The half-lives of several radioactive isotopes are known and are used often to figure out the age of newly found fossils.
Different isotopes have different half-lives and sometimes more than one present isotope can be used to get an even more specific age of a fossil.
If you have looked at a periodic table, you may have noticed that the atomic mass of an element is rarely an even number. If you are an atom with an extra electron, it's no big deal.
Half-life is defined as the time it takes for one-half of a radioactive element to decay into a daughter isotope.
Each original isotope, called the parent, gradually decays to form a new isotope, called the daughter.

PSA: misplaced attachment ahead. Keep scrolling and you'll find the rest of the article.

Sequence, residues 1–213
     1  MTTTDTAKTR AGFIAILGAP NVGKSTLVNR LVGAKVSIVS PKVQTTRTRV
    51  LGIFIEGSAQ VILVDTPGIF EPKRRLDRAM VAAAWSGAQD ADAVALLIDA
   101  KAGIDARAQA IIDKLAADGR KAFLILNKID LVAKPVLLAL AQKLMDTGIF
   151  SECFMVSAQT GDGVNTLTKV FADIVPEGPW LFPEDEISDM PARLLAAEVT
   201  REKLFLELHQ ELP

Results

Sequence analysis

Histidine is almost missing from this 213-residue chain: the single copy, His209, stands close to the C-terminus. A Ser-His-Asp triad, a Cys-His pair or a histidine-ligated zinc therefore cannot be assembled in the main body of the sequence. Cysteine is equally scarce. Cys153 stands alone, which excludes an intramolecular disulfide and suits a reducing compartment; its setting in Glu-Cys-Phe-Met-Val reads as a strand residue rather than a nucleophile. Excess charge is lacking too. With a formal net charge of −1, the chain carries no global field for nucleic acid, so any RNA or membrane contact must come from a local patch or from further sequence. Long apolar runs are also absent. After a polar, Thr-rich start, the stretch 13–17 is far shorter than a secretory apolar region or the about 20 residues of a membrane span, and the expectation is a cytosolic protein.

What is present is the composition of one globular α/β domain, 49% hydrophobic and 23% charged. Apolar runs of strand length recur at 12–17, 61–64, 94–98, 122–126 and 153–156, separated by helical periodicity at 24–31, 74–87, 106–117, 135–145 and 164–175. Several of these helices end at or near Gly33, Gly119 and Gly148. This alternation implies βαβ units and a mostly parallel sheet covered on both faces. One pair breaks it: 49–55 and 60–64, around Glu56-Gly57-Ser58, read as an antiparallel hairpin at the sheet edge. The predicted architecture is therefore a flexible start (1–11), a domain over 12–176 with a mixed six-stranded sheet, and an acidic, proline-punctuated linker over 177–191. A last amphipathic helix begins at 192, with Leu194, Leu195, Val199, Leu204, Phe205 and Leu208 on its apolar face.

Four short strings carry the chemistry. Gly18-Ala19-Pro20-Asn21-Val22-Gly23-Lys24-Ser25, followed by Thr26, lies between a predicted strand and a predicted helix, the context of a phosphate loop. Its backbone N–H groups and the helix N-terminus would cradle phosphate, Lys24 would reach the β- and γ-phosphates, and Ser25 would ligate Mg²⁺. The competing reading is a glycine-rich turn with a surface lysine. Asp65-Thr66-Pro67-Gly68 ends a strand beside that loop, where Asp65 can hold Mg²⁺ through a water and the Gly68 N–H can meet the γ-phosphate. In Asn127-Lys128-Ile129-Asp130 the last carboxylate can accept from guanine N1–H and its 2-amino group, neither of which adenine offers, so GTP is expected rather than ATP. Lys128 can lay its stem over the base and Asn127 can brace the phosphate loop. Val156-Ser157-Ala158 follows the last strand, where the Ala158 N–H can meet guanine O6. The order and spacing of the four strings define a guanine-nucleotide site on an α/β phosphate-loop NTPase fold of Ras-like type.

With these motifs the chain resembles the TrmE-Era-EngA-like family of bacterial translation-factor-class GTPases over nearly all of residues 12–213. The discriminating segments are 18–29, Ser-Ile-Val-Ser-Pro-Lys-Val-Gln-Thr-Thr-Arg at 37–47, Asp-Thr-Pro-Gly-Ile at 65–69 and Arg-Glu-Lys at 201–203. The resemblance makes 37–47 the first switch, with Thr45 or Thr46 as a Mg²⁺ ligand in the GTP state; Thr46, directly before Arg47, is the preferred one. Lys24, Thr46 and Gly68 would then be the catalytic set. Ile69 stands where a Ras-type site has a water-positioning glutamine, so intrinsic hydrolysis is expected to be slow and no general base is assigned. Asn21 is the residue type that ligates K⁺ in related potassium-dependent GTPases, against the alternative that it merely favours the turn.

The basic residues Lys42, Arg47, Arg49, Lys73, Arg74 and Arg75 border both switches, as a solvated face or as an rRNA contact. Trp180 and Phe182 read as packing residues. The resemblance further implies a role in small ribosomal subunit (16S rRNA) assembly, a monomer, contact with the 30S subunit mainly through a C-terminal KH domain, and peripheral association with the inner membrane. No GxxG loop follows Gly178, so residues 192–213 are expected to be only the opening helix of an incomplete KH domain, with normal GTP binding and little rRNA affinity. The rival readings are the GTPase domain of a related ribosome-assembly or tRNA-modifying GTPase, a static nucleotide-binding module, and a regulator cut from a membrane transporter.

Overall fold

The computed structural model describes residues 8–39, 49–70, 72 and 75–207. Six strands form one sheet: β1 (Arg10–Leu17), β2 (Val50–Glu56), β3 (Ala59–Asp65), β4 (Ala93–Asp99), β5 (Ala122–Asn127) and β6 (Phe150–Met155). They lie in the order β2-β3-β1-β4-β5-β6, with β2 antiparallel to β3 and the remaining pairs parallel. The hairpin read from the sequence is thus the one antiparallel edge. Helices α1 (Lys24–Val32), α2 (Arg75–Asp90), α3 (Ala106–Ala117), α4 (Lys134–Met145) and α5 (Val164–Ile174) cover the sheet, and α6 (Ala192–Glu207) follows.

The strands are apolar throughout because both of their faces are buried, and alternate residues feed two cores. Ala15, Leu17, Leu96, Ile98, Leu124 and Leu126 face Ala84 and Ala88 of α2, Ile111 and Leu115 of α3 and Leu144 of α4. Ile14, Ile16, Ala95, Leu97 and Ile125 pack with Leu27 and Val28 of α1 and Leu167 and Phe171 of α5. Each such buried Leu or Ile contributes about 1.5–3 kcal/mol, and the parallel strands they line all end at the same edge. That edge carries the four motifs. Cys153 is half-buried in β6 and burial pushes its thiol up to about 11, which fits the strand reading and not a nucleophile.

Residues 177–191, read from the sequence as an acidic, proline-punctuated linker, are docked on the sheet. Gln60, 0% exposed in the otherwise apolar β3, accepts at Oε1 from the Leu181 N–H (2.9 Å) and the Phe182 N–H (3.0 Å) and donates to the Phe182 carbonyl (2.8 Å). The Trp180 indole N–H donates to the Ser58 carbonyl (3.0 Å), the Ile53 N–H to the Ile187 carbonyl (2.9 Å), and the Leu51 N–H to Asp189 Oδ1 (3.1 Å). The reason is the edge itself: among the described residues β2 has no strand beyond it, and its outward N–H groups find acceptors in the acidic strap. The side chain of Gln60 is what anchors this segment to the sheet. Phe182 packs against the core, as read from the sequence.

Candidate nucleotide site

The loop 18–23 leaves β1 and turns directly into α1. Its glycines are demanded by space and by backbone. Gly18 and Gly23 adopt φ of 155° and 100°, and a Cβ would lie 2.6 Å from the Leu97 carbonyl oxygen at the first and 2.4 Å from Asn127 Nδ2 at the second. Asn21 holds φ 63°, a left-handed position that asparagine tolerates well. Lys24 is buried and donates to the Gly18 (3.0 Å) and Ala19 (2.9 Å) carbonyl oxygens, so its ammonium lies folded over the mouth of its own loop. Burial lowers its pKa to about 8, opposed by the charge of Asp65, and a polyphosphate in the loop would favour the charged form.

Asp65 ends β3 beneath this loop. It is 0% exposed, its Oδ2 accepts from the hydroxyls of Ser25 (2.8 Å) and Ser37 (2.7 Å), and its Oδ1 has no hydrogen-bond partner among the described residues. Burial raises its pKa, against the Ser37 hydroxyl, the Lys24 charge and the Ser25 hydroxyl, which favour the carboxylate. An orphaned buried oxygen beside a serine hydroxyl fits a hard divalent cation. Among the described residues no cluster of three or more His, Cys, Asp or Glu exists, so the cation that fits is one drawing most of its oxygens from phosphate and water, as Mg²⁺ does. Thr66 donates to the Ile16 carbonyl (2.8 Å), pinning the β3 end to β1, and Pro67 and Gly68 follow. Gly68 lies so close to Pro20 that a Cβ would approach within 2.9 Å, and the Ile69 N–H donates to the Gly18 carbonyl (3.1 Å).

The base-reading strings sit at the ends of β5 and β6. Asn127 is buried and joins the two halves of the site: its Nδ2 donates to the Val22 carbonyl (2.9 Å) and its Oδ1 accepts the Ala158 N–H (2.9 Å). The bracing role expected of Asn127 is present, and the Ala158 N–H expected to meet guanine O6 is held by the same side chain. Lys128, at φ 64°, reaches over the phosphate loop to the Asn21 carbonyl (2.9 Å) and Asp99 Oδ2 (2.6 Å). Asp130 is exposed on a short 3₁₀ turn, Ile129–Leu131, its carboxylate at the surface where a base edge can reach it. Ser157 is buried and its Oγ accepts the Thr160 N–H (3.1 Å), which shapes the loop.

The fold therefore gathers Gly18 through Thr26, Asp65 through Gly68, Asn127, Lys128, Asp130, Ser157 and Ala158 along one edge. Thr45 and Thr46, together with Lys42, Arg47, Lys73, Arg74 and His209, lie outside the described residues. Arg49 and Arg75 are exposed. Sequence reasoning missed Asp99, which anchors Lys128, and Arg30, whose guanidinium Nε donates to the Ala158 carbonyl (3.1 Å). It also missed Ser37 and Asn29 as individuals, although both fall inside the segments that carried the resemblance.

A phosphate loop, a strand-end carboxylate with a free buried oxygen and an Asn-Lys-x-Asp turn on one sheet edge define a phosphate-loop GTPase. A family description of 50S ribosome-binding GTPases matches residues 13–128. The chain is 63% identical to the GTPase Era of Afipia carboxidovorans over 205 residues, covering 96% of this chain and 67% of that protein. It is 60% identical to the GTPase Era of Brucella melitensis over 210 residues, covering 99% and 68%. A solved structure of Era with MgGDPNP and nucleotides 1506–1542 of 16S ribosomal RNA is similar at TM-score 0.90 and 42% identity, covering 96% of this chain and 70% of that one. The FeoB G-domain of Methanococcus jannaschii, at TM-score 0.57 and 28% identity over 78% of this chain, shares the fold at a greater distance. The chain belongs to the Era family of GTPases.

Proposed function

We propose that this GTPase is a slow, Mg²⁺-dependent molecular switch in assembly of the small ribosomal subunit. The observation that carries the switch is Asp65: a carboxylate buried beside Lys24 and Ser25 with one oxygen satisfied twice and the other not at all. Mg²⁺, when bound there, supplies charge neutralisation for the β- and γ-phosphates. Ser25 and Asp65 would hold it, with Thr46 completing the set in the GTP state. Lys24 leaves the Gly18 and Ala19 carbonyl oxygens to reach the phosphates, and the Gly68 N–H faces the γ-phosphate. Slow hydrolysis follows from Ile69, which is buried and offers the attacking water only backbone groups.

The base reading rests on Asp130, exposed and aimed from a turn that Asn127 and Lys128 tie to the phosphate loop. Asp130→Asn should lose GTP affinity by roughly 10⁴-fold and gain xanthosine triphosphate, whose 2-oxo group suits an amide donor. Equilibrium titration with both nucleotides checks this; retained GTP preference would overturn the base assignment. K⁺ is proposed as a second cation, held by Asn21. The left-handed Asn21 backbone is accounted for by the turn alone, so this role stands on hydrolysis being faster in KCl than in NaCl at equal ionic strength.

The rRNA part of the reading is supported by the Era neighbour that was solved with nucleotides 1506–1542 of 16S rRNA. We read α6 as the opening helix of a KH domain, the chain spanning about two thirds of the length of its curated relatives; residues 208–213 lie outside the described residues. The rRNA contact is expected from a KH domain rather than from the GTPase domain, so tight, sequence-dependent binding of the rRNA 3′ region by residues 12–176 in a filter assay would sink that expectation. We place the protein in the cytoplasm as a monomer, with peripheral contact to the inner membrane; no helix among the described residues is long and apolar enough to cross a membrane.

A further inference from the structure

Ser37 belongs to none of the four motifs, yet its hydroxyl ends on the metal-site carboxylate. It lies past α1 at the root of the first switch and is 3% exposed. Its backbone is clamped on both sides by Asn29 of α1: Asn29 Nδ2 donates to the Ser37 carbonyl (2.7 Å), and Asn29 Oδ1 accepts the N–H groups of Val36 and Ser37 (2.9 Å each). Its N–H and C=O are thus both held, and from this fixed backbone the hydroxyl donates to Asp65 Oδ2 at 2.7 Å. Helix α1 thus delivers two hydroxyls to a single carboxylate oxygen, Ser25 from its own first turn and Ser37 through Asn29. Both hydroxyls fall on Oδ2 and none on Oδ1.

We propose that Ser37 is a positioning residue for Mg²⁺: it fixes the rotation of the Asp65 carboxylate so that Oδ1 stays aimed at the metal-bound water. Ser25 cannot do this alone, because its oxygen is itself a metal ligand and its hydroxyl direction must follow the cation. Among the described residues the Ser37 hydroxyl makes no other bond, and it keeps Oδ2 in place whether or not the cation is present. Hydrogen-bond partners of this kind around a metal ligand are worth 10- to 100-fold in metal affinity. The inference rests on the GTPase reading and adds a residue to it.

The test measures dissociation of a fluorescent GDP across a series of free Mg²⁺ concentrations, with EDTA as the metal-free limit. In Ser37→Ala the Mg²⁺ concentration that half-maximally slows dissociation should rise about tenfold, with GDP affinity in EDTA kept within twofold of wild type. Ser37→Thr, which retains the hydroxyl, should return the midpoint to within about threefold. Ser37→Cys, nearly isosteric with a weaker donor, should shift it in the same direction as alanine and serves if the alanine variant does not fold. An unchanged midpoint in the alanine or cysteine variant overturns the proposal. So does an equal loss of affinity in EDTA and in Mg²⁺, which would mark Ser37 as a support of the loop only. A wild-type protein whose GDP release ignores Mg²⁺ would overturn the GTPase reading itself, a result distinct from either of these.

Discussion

Each isotope is identified with what is called a ‘mass number’.
Let's say you have 100g of uranium (don't try this at home, it’s radioactive). The half-life of uranium-238 is 4,500,000,000 years.
When 50g remain (and 50g have become something different), the amount of time that has passed is the half-life. That is a long time to wait for radioactive atoms to change, and many of the things that the original atoms change into are ALSO radioactive and dangerous!